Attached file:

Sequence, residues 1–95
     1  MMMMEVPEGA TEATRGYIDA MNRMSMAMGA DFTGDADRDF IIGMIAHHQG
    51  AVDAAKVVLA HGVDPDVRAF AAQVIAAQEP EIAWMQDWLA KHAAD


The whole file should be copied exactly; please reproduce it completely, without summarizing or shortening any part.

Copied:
Sequence, residues 1–95
     1  MMMMEVPEGA TEATRGYIDA MNRMSMAMGA DFTGDADRDF IIGMIAHHQG
    51  AVDAAKVVLA HGVDPDVRAF AAQVIAAQEP EIAWMQDWLA KHAAD